"Oh! the Great Witness, that is, and will be standing against the said Charles Stuart, and his unlawful Council and Parliaments, and all their proceedings! The Lord, in the second Commandment, threatens His wrath against the children for the fathers' iniquity, unto the third and fourth generations of them that hate Him. And if the Lord visit not the successors of this generation aforenamed with dreadful judgments, I am mistaken; yea, and all these that join and comply with them, either ministers or professors (I mean the indulged), and all these that bond with the enemies, or give them clats [i.e., scrapings together] of gear for their liberation, when they are brought to prison upon the account of owning the truth; or in any manner of way acknowledge them as magistrates; I say (without repentance), I see no way that they can miss God's wrath.

"But I think I need not insist much on these subjects; for all the warnings they have gotten (which are many) by ministers and professors, one way or other, especially on scaffolds, since Mr James Guthrie [of Stirling) to this day, have not been effectual; their actings prove them to be more hardened in their sin than when they began. Therefore I think, it seems that the Lord will either give them no more warnings, or else take them shortly away, or both. Indeed, He may give them more warnings, but if ever they do the most part of this generation any good, I greatly question. I mean these whom I have named; for I think, with several others who are gone before me, and are going off the stage by death, that there will be dreadful judgments to follow on this generation, for breach of Covenant with God, and open rebellion against Him by these iniquitous laws of theirs, in taking away the lives, liberties, and privileges of the people of God; and not only so, but in making Charles Stuart head of the Church, which becomes not him, nor any mortal; for Jesus Christ is head of His own Church, and Lord over the con sciences of men.

"And as for me, I would not have my conscience tied by Charles Stuart's belt, nor any who are called his subjects, though I were to live an hundred years; no, though I could have the whole world for my pains , for I might as well tie my conscience to the devil and my own corruptions, as do it, by yielding submission to his iniquitous laws, by either bond or cess, or anything relating thereto. Now, I bless the Lord, I hope that He, who hath led me hitherto, will lead me away from him and his, and my own corruptions, and the devil, ere the tenth day of this month pass over [i.e., the day of his execution).

"And as for my own particular interest, I bless the Lord I am in some measure as clear of my interest in Christ, as I am that my pen is writing on this paper. For I hope that the Lord will carry me honourably through, and give me that which He hath promised; ay [i.e., always) when I asked of Him faith, He gave me faith, life, light, and a heart to believe; and love to Him, and His glory, interest, cause, Covenant, and work of Reformation; and strength to stand, and withstand my enemies, inward and outward, who many a time have assaulted and tempted me, striving to drive me away to sin. Indeed, it is true, I lived most lewdly, ay, till within a little more nor [i.e., than] these four years.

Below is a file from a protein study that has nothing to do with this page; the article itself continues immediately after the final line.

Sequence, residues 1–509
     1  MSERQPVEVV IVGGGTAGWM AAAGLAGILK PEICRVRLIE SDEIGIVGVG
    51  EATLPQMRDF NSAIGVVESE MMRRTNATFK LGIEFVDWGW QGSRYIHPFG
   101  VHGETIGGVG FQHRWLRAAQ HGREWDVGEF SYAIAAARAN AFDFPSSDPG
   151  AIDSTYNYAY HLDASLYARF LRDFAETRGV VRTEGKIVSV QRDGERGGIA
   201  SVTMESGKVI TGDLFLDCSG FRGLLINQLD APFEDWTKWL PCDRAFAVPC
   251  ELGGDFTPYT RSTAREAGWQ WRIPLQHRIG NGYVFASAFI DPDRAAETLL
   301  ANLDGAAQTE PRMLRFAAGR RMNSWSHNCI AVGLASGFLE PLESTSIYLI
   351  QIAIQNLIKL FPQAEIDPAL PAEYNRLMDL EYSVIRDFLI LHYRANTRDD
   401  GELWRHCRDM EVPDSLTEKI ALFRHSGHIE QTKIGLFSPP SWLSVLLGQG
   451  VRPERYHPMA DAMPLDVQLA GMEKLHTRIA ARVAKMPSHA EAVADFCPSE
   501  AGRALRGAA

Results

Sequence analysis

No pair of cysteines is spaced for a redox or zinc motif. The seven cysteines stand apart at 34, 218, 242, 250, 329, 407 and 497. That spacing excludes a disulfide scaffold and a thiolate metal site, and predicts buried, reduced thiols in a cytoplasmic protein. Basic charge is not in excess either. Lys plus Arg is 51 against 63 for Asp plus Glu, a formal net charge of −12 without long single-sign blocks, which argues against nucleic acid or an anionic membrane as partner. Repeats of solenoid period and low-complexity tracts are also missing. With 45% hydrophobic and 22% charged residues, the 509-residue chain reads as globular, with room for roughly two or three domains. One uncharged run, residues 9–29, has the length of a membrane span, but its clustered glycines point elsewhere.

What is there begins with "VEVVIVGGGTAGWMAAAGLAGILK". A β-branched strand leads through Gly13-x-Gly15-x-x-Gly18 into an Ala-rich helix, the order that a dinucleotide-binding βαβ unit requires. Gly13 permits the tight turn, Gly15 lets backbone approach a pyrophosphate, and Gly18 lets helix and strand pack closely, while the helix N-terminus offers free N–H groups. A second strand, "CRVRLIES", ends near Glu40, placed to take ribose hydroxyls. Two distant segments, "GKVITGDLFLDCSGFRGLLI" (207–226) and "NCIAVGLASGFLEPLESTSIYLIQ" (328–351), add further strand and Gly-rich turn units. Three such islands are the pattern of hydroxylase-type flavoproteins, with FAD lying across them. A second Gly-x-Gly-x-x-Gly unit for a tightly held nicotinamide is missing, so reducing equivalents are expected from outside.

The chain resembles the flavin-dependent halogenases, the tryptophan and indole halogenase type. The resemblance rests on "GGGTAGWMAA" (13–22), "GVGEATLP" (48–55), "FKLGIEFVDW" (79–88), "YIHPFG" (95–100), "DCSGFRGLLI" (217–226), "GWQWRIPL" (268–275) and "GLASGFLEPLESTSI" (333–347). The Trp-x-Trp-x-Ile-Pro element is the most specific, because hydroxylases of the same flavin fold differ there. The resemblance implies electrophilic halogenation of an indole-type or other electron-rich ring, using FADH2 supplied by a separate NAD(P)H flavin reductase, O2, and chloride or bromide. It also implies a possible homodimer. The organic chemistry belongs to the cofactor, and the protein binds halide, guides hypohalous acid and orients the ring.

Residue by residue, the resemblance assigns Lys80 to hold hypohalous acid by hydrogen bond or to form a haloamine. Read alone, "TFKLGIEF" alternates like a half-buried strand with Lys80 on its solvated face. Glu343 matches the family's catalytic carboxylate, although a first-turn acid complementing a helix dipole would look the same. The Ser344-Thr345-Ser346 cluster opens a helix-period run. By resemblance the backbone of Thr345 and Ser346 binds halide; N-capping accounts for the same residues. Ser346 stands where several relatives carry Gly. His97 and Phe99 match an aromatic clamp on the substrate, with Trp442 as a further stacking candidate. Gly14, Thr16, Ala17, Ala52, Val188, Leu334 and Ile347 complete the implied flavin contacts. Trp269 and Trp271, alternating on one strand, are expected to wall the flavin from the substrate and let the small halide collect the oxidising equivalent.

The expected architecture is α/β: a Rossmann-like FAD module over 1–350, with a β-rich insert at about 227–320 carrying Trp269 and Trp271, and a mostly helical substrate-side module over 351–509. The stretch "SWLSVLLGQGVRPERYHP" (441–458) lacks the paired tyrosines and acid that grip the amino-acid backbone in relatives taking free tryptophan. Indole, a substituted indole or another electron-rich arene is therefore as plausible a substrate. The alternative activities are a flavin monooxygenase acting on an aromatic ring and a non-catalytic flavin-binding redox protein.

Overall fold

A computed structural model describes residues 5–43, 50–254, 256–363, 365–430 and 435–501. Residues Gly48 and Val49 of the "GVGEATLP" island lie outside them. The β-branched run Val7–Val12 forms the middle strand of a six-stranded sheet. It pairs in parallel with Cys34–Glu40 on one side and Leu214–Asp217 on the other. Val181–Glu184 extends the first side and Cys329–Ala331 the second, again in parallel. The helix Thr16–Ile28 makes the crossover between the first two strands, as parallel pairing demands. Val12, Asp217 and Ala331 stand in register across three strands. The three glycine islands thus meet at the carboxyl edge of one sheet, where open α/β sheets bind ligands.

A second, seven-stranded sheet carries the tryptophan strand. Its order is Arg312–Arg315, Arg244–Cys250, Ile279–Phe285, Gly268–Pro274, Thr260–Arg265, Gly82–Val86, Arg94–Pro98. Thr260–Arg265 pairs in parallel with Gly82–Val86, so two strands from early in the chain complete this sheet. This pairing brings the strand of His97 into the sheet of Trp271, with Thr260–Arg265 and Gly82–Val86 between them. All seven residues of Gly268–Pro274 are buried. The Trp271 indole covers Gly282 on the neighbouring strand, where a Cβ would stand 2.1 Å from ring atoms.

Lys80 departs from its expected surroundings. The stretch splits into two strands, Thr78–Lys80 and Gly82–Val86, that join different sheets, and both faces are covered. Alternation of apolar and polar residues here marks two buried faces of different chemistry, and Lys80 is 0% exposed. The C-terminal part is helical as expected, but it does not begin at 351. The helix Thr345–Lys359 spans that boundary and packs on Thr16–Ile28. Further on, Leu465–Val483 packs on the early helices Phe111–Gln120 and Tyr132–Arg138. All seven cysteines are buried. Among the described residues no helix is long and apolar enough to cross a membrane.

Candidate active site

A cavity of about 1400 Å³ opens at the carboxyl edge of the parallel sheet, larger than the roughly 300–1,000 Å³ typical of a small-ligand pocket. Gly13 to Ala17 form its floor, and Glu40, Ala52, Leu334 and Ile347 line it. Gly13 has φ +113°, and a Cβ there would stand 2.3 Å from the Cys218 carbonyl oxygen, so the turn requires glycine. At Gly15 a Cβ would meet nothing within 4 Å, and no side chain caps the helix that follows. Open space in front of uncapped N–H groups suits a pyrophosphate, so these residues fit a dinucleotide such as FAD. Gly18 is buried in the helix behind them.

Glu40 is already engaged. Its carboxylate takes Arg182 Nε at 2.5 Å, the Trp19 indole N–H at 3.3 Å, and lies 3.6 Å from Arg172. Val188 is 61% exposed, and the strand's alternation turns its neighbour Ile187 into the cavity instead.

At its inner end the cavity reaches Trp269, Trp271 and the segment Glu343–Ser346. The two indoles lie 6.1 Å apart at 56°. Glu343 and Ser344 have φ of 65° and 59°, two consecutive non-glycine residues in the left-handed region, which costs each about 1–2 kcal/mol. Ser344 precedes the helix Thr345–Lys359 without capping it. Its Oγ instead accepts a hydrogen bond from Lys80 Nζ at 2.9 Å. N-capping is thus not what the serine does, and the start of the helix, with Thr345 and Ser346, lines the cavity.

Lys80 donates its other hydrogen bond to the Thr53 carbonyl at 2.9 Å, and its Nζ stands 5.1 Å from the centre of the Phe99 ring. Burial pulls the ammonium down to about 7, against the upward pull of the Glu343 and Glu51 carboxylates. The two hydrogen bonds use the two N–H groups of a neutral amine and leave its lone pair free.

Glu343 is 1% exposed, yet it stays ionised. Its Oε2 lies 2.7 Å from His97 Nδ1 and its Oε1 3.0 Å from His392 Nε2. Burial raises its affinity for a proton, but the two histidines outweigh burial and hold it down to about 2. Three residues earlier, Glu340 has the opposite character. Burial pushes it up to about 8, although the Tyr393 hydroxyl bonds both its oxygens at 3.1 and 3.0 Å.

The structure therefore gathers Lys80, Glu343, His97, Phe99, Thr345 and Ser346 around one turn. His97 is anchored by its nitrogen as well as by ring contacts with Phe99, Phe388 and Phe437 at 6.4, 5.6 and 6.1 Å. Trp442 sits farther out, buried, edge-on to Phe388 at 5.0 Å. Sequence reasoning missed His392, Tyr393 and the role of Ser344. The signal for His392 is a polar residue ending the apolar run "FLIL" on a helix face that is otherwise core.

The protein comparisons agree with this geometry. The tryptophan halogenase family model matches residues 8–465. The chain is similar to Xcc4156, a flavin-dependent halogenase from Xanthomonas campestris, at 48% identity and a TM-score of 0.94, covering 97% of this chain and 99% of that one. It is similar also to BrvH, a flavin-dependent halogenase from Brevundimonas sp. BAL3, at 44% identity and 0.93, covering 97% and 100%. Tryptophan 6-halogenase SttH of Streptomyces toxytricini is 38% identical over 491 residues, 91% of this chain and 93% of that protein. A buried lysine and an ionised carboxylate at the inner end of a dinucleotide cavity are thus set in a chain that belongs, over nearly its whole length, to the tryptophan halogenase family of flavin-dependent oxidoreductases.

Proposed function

"Oh ! if I could go to the stage, blessing and magnifying the Lord that it hath pleased Him to bring me from the devil's fireside, as it were, and draw me out to hear the Gospel of Christ! I bless the Lord, the first field-preaching that ever I heard, I entered in Covenant with Him, to follow Him though it should cost me my life; and at a communion in Irongray, in Galloway, I had the clear manifestation of my interest. Oh ! free grace ! oh, free love! oh, free mercy! Oh! what am I, that He hath been so kind to me, oh, me! oh, poor me! And not only so, but also when He discovered the evils of the woeful Indulgence from the Supremacy, that He made it known to me, and also made me stand and withstand that woeful evil, and to join with that party, by the Bond found upon Mr Richard Cameron, whom He honoured to witness against it. And for this, I desire to bless Him.

"Oh! I think, it is Scotland's mercy this day, that He hath opened the eyes of the blind to see these abominations, especially among the ministers, I mean the indulged, and these who plead for them. Oh! Scotland's mercy hath been great, that, notwithstanding of their rebellion and joining with rebels by that Supremacy, the Lord opened the eyes of the blind, to see these abominations, and to testify against them. Oh! I say, this is Scotland's mercy, though some may think otherwise; for if the Lord had not opened up that evil to poor things, it had been a token that He would have gone His way and not owned His Covenanted land any more. But it is a token for good yet to the land, that notwithstanding of all our rebellions against Him by breach of Covenant, He continues yet to discover to His people what is sin and duty.

"And this also is a token that the Lord will not leave Scotland, though He may chastise it very sore; His taking the blood and lives of His saints on fields, seas, and scaffolds, to witness for His Covenants; for the blood of the martyrs is the seed of the Church. And this is another token for good to the Church, that there is a remnant (though small) that is weeping and lamenting over the broken case of the Church, and over the unconcernedness of the people of God; or of these who say, they are the people of God; and that there are so few to keep clean garments, and to wrestle and witness against the sin of this generation of Covenant breakers and usurpers. Oh! sirs, is not this a sweet cordial yet, for all that is come upon us? Oh! sirs, take courage, and plead with the Lord, and also, through His strength, plead with your whorish mother, via, the indulged, and their deeds, which they have done, and those that plead for them. Oh I plead, and plead in patience: let not self rise, let not passion rise and vex you; be sober, be not soon angry;